Reflections on Week 11 – Work Style and Why Silence is (could be) Golden

Work Style and Tool Wrangling

My work style means I make a lot of notes on deliverables, sometimes far ahead of due dates. Sometimes, even on even multi-year projects, I have an outline of every deliverable on day 1 of the project. They are usually just section titles or deliverable due dates and formal reference numbers, etc. But once that outline is there I am much more relaxed. Its almost as if after that you just have “to fill things in” even where months or work might be required to do that. Then as I go along I write some sections completely and in depth. For other things I add bullets as I progress. I frequently add the screen shots and other imagery along the way. This is another aspects of my “Big Space” approach which I have blogged about before. Its as if the whole project was there and I can dip in, do bits out of temporal order, and refine things as we go along. I never like to feel I am up against a deadline and facing a “white page” problem. Until I have a hook or story line for open ended deliverables – like the IDEL11 essay – I feel much less comfortable.

I have noticed that my style of working is not well supported by the way that the Elgg blog for IDEL11 works.. something Christine and myself discussed earlier when some of my weekly IDEL11 reflection postings seemed to be out of order. You can make a draft entry and just publish it as private to yourself… and later after its complete publish it to a group or fully publicly. But when finally posted beyond yourself it retain its very first date and time. That can be far removed from when you meant it to appear in a temporally ordered blog, and causes confusion. The RSS feeds of the event also show up at the earlier date meaning they are missed by all readers. It took me a while to even realise they were present, just far back in an event stream timeline. WordPress blogs as used on Digital Cultures works much better in this respect as you can create and manage drafts as you refine them, including all their embedded media. And then when ready publish them to the intended audience. It’s that date of publish which gets attached to the post and is used in RSS feeds.

Deep Immersion, Eureka Moments, and “Coming Together” Experiences

In the readings in the last few weeks, I liked the description in Levy (2009, page 244) about the feelings that Barbara McClintock had when studying corn… and how she was deeply immersed in the world of corn when performing her molecular biological studies. She had flashes of insight in which she saw a pattern or result, even though much more work was then needed to show that it was so.

Christine in an IDEL11 Discussion Forum post mentioned a “coming together” moment Peter Higgs described are very powerful and often do need some focus and concentration on an area.

Peter Higgs, of Higgs-Boson fame, and an emeritus professor at the University of Edinburgh described his theoretical discovery in 1964. (Extract from BBC News article, 10 September, 2008.) It happened over a weekend.

I have an example from a while ago when doing some complex 3D shape modelling and I was trying to work things by the numbers with mental 3D algebra and loads of notes….. but in a moment things sort of swam before my eyes and the shapes made sense as an imagined 3D envelope in my mind’s eye was almost swirling round to see from various angles. It was quite vivid and I started to develop the actual formulae with that image still alive. But just then a family member came in to ask a question and the whole thing melted away. It took me ages to do the task after that and I never got the vision back.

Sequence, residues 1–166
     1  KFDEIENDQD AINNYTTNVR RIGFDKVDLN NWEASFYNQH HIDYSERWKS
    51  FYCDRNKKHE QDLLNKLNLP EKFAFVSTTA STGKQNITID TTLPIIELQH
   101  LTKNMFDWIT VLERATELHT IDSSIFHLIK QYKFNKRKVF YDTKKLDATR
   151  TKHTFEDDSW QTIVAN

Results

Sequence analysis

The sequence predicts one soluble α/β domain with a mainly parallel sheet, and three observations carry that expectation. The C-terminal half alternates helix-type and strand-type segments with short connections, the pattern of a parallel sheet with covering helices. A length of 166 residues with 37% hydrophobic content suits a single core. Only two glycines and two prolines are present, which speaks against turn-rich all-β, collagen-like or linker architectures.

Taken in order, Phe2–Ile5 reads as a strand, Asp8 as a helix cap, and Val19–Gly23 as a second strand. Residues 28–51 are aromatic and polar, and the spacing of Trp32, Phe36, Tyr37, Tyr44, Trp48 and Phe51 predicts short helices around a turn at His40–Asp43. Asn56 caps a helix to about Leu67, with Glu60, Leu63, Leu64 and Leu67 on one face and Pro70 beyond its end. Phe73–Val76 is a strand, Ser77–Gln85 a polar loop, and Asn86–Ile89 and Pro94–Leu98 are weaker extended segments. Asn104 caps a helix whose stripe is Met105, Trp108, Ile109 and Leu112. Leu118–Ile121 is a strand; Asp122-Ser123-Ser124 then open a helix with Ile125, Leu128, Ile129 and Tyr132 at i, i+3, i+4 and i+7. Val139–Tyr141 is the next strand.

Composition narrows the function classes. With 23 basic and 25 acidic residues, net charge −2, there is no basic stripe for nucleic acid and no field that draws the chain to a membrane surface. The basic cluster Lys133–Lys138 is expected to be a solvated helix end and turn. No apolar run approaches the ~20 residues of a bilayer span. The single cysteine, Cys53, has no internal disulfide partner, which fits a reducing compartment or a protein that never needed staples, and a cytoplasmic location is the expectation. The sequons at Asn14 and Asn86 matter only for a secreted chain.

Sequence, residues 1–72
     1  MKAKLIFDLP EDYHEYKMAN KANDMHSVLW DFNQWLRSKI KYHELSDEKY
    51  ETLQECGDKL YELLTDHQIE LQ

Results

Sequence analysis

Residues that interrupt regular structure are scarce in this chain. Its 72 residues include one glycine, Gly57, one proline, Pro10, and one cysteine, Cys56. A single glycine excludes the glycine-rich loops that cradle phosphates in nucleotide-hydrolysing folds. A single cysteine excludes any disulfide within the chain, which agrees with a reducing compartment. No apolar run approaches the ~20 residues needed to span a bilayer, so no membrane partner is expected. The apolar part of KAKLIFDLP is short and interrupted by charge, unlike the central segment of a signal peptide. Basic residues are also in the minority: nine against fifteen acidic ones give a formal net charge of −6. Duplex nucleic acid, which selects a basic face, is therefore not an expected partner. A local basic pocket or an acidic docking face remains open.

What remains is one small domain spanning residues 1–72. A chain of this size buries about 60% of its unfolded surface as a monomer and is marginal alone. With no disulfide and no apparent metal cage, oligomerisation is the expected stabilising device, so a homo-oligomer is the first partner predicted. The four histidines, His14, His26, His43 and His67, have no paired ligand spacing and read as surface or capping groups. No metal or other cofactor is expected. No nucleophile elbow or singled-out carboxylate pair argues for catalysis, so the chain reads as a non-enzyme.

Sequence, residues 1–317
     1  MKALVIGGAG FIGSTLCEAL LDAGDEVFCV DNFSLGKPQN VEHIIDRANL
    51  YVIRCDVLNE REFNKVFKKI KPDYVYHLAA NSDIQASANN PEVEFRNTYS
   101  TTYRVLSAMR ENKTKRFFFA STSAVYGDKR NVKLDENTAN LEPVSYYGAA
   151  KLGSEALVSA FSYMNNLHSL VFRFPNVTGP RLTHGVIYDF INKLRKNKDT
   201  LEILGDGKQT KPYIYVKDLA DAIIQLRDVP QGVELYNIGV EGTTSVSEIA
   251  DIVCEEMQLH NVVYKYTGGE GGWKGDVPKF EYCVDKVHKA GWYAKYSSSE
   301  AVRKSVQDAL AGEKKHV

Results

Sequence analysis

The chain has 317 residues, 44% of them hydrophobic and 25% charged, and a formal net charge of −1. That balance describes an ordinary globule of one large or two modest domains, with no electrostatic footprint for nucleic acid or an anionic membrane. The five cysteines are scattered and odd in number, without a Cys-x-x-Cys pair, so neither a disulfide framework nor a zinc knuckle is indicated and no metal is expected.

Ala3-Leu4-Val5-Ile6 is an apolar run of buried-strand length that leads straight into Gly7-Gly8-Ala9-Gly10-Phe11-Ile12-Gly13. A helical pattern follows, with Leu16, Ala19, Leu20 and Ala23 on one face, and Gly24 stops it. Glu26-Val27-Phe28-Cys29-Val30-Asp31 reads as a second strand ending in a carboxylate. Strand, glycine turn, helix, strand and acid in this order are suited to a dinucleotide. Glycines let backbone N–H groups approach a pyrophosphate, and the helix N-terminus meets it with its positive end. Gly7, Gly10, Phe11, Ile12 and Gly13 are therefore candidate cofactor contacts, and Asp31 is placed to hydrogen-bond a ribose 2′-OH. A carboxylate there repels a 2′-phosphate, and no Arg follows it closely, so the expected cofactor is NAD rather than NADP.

Silence is (or could be) Golden

I am thinking of ways to get some quiet time to begin serious work on my IDEL11 Essay… and I am thinking of dropping out of watching my twitter time line for a period. The constant interruptions of immediate status updates and the lure of irresistible and interesting looking pointers to other material are very time consuming and distracting when really trying to focus, read and extract meaningful insights.

I notice that I was tetchy on the morning when the IDEL11 Adobe Connect session was on. I was annoyed with myself for failing to do any of a planned set of readings on VLEs and PLEs to add to the themes in my IDEL11 essay in the previous day or two, even though that had been my plan. Constrant interruptions and hard work to set up a new portal for the OpenVCE group on the APAN network (see ) had meant I failed to get on with any planned task in that period. So another 2 or 3 hours disrupted felt bad… but I realised it was just that I knew I was not achieving my own targets for reading and seeking essay inputs.

One of this week’s readings by Charlie Brooker in the Guardian on the demands and “force feed” aspects of new instant messaging techniques made me smile (or groan) as I know this feeling all too well.

Unfortunately, this coincides with a really serious virus/trojan infection on my main desktop computer… which occurred on Friday after a visit to an education blog which had a guest post that must have had malware in it and clearly infected my machine. It was a very deeply installed and persistent boot sector trojan which made a real mess. I am still not back in good shape yet.


Brooker, C. (2010). Google Instant is Trying to Kill Me. The Guardian, 13 September 2010.

Levy, D. (2007). No time to think: Reflections on information technology and contemplative scholarship.

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